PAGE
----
Environmental protection is a huge concern in modern times. Many people are striving to make their homes more efficient, not only to reduce their bills but also to reduce the negative effect they have on the environment. There are plenty of home renovation projects that can help with this task. Most of these projects work better for homes that residents intend to stay in for several years, since the financial benefits will come gradually over the years.
Solar energy and thermal heating panels that get installed on one’s roof are major energy savers. Many people have started putting these on their houses because, though the installation and panels themselves are expensive, they will reduce your bills enough to eventually pay for themselves. This is why many people prefer to undertake this task only if they know for certain they will remain in their homes for decades.
Building an environmentally friendly home makes sense in this day and age. Not only does lowering your carbon footprint make sense from a sustainability perspective, it can also help save you money on your utilities and may even add resale value to your home. If you’re thinking about incorporating some eco-friendly features into your next house build, read on to find out what you need to think about before you get started.
They work by converting solar energy into the heat and energy you would normally have to pay for. This makes homes need less man-made electricity. It also makes homes less reliant upon fuel to heat them. The panels require very little maintenance and have no negative aesthetic effect on your roof. Another large and more immediate benefit people get is the enormous tax cut for doing something so good for the environment.
You need to find the right construction company, so start doing your research. Visit some display homes and check out who are leading the pack in terms of innovation, sustainability and creativity in your area. You need to find someone who can be flexible with their options. Builders like Coral Homes specialise in tailoring their house and land packages to suit the buyers’ vision (and budget).
Energy-efficient insulation is of great importance, as well. The better insulated your house is, the less power you will require to heat it. Many may note that older houses are often very cold in the winter because insulation technology was not as good. Fiberglass insulation is often used. It is fire resistant and conducts heat quite well. The problem is the it is not biodegradable, which means when any major repairs are done to a house, the discarded insulation pollutes the environment.
Recycled or reclaimed building materials can make stunning features, but it can take a bit of time to find the perfect piece. Your builder will need to know the dimensions of any pieces you want to include, so it is worth keeping an eye on the classifieds or visiting some demolition yards well before you start building your new home.
There are other products that can be used as insulation which are better for the environment. For example, mineral wool is completely biodegradable and conducts heat just as well as, if not better than, fiberglass insulation. The only negative aspect is that it is not as flame resistant.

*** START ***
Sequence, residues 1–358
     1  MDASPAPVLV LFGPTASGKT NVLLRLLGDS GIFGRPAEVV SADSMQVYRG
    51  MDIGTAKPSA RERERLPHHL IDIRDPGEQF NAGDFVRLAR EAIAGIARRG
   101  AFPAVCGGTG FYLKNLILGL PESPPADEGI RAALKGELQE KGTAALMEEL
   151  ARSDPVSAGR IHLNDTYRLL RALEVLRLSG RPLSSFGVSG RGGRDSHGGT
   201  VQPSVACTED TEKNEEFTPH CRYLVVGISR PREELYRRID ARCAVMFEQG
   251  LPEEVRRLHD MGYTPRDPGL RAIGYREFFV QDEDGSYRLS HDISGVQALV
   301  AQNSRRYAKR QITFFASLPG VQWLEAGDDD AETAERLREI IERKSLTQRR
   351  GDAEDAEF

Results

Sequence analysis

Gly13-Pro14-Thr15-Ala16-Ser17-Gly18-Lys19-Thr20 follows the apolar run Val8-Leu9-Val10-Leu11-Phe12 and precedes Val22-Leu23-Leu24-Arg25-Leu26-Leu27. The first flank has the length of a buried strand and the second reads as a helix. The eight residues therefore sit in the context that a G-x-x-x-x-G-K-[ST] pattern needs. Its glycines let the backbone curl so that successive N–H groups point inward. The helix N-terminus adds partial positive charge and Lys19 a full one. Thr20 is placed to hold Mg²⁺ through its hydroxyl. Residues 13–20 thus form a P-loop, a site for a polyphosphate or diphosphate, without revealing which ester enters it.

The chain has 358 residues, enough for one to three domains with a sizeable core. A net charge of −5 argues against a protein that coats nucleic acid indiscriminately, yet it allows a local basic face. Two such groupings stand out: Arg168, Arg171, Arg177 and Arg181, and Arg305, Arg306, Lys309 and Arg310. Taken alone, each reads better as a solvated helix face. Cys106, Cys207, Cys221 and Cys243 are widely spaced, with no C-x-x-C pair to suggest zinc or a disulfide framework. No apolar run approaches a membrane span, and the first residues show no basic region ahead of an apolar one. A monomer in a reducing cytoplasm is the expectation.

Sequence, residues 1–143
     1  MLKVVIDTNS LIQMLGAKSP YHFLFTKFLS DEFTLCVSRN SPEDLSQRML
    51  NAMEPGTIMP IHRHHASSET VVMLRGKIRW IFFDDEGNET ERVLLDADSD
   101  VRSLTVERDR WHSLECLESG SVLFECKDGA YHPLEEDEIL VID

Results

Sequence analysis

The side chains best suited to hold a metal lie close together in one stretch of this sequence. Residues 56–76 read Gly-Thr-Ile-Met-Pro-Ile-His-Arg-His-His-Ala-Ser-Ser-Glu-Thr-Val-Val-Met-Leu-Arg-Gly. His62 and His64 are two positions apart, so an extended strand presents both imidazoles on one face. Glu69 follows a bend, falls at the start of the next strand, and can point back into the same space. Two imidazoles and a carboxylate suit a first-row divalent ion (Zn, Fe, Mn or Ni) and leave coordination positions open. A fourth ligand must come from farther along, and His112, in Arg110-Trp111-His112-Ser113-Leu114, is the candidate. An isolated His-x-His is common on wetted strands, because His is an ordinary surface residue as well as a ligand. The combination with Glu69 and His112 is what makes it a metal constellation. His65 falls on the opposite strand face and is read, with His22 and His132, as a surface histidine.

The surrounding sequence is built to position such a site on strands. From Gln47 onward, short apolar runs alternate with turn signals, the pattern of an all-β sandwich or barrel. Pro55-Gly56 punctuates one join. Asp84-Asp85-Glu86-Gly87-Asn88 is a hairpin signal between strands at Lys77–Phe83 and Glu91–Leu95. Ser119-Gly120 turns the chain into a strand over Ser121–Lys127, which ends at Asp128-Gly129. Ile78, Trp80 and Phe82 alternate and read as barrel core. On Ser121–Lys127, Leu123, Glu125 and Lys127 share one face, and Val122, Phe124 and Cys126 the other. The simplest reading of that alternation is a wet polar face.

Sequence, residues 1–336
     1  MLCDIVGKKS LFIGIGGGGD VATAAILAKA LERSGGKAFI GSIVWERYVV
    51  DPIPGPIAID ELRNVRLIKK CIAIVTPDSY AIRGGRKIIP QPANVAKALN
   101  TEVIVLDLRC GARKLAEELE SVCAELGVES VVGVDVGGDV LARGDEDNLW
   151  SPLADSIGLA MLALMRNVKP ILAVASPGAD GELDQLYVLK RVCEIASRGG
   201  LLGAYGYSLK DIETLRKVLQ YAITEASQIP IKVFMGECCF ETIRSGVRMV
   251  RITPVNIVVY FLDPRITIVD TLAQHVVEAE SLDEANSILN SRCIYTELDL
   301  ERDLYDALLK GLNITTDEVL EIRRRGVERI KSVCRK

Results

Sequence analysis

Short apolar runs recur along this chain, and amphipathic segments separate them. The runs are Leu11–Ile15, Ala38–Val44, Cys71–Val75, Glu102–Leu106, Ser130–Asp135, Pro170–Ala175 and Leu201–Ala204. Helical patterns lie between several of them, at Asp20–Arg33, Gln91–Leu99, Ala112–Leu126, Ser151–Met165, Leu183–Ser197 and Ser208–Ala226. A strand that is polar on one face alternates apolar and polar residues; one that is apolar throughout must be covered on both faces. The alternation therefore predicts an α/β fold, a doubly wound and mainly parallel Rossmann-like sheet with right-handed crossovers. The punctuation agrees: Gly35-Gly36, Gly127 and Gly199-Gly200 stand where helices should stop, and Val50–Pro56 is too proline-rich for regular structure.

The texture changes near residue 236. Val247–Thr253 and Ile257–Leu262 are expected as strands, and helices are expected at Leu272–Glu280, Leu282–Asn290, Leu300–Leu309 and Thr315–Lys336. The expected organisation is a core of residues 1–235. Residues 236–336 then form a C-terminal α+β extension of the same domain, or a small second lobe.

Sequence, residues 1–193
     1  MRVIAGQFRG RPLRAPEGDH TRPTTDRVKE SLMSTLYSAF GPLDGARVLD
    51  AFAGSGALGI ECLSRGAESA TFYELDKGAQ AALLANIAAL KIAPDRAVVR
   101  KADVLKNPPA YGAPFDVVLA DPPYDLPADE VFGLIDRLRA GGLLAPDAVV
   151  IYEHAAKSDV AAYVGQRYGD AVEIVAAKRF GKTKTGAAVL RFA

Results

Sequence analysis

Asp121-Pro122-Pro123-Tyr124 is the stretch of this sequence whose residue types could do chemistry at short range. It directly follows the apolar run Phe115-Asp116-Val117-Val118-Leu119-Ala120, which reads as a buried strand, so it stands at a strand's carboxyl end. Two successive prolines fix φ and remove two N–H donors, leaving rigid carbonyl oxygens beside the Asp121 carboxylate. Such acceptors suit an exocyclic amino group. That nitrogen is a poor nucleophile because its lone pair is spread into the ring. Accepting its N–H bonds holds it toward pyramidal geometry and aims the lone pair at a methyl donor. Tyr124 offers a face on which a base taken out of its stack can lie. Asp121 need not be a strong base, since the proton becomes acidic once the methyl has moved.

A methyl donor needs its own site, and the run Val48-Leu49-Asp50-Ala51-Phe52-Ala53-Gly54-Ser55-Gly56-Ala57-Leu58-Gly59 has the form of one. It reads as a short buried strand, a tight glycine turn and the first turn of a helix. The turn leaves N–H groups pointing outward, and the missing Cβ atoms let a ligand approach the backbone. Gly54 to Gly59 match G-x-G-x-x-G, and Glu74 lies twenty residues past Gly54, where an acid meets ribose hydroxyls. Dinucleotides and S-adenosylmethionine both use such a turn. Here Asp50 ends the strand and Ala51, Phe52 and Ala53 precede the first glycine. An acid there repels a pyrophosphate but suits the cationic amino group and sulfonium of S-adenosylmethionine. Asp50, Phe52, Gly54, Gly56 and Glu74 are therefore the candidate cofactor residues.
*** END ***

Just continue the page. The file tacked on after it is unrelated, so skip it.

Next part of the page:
While there have been some impressive advances in architecture and technology, some of the fundamental home features like insulation and the materials used to build your home can still have the greatest environmental impact. Light colours reflect heat, so incorporate them into your roof and exterior wall palette. Your floor plan is also important. Things like having the living areas placed so they are north facing ensures that you can make the most of natural light mean that the bedrooms can be on the southern side of the property and stay at a cooler, more comfortable temperature for sleeping.
Pellet stoves are another great option to live green. Instead of using logs to power them, they only use wood pellets. The design enables them to get just as much heat out of much less wood. It has the dual purpose of making people less reliant on fuel and electricity and also keeps more trees from being chopped down. Pellet stoves are so good for the environment that they can be another large tax write-off. Energy is never wasted in them because they come with sensors so they shut off when a certain temperature is reached and turn on again when it gets cold.
Wind turbines are not quite ready for single home usage, but they will be within the next few years. All people should consider having them installed once the size and installation processes are more reasonable for private families. They harness the wind in the same manner that windmills used to, only they convert wind power into energy to power homes. They are already being used for large companies and by different governments.
The problem with open plan layouts is that because you can’t close off zoned areas, you end up using more energy (and spending more money) on heating and cooling. Stacked or recessed sliding doors can be a great option to consider as they let you keep that open plan look while maintaining the ability to close them off when you need to turn the heater or air conditioning on.
Even if you do not intent on staying in your home for an extended period of time, there are small things that can be done in order to preserve energy and keep your bills low. Use energy efficient light bulbs. Draught-proof all windows and doors so heat does not escape. Recycle as much as you possibly can and have an efficient recycling system in your house so separation of materials is easier. Put electronics on timers so they automatically shut off after a certain time when you are sure you will not need to use them.